Did you know that one of the best non-toxic, chemical-free laundry detergents is made right here in Boulder, Colorado? Yup, the fine folks who started EcoProducts launched a fabulous cleaning product business a few years ago. They have all sorts of cleaning supplies, including a great laundry detergent. You can buy it at Costco at a discount or fill up your old bottle at the “filling station” at Alfalfa’s Market in downtown Boulder.
Here’s a link to their site: http://boulderecocleaners.com/
I love that they also have big bulk sized containers of things like hand and dish soap. Check ’em out.
Even though Windex claims to have gotten “greener” here’s what’s still inside that iconic blue liquid: Isopropanol, 2-Butoxyethanol, Ethylene glycol n-hexyl ether, water, fragrance and blue dye. Bleh. You don’t need that in your home! Sure, you could go buy a greener, non-toxic window cleaner, but you could also just grab a spray bottle and fill it with some vinegar, water and teeny tiny bit of liquid soap (love the ultra green, super cool company: Dr. Bronner’s) and bada boom you’ve got yourself some window cleaner that’s cheap and not full of nasty chemicals. Plus, it works beautifully! What’s not to love?!
¼ cup vinegar
½ teaspoon natural liquid soap (optional; I use natural dish liquid or Dr. Bronner’s)
2 cups water
Put all ingredients in a spray bottle and shake to blend. To use it, spray onto the glass, covering as much as you can finish in a few minutes at a time, scrub as needed with the rough side of a kitchen sponge, and squeegee off. Use a cotton cleaning cloth to dry off the blade of the squeegee between swipes, and to wipe up any liquid that puddles at the bottom edges of the windowpanes.
Recipe courtesy of Rodale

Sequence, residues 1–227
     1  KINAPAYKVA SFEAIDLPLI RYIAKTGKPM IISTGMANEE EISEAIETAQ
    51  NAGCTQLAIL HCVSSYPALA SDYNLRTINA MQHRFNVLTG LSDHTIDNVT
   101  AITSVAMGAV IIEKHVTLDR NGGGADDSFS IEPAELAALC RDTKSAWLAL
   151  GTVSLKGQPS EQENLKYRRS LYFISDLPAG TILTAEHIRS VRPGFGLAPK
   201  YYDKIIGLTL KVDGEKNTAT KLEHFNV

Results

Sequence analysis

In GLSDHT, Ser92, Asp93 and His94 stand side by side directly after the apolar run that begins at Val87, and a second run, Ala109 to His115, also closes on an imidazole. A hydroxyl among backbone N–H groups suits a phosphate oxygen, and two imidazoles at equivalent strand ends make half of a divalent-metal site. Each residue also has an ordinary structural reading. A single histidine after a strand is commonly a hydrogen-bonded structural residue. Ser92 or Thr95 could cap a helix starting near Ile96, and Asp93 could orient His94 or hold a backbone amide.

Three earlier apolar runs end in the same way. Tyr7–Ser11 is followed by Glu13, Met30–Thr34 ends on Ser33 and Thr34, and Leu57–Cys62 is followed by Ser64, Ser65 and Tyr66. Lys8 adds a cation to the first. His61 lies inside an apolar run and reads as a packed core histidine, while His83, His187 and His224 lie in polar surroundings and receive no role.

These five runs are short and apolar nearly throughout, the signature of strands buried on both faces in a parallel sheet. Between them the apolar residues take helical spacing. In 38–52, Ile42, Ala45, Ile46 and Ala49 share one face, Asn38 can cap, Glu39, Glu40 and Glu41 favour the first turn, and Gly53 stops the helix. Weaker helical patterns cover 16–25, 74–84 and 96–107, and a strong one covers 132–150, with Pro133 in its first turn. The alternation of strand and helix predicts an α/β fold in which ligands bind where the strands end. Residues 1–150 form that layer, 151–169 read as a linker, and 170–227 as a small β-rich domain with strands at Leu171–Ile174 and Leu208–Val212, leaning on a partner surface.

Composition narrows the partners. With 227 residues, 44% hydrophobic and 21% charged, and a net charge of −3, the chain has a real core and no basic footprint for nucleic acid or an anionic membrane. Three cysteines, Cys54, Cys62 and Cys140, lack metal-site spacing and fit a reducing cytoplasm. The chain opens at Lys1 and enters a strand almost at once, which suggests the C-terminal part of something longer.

With flu and cold season raging we are seeing an uptick in consumers who are purchasing instant hand sanitizer and increasing their hand washing. All of this is great, but not if your soaps contain triclosan. According to the Environmental Working Group AND the American Medical Association (AMA), antibacterial soaps containing triclosan should not be used. Why? The AMA has found that these soaps actually encourage bacterial resistance to antibiotics.
Triclosan has also been linked to liver toxicity, thyroid disfunction and inhalation toxicity. Where does it lurk? Unfortunately not just in your antibacterial soaps. It’s also found in your dish detergent, toothpaste, mattresses, shoes, carpets, etc. For more information on triclosan and other harmful chemicals in our environment, check out the Environmental Working Group’s website: www.ewg.org or click on the image below:
Last summer I read this great article in the New York Times and thought I’d pass the info on because I think it’s really important and useful! I’ve summarized it below:
It is common knowledge that indoor air on Earth is typically far more polluted than the air outside. Back in the late 80’s, NASA was studying houseplants as a way to purify the air in space facilities. In that research they found several plants to be highly effective in filtering out common volatile organic compounds. The most effective plants are also the most common: devil’s ivy, peace lilies, Pleomele, gebera daisies and snake plant, most often referred to as “mother-in-law-tongue.” Two other plants, the ficus and Japanese aralia, are also effective. Dr. Clifford W Bassett, an allergist at New York University School of Medicine says that a good rule of thumb is to have one plant for roughly every 100 square feet of living space.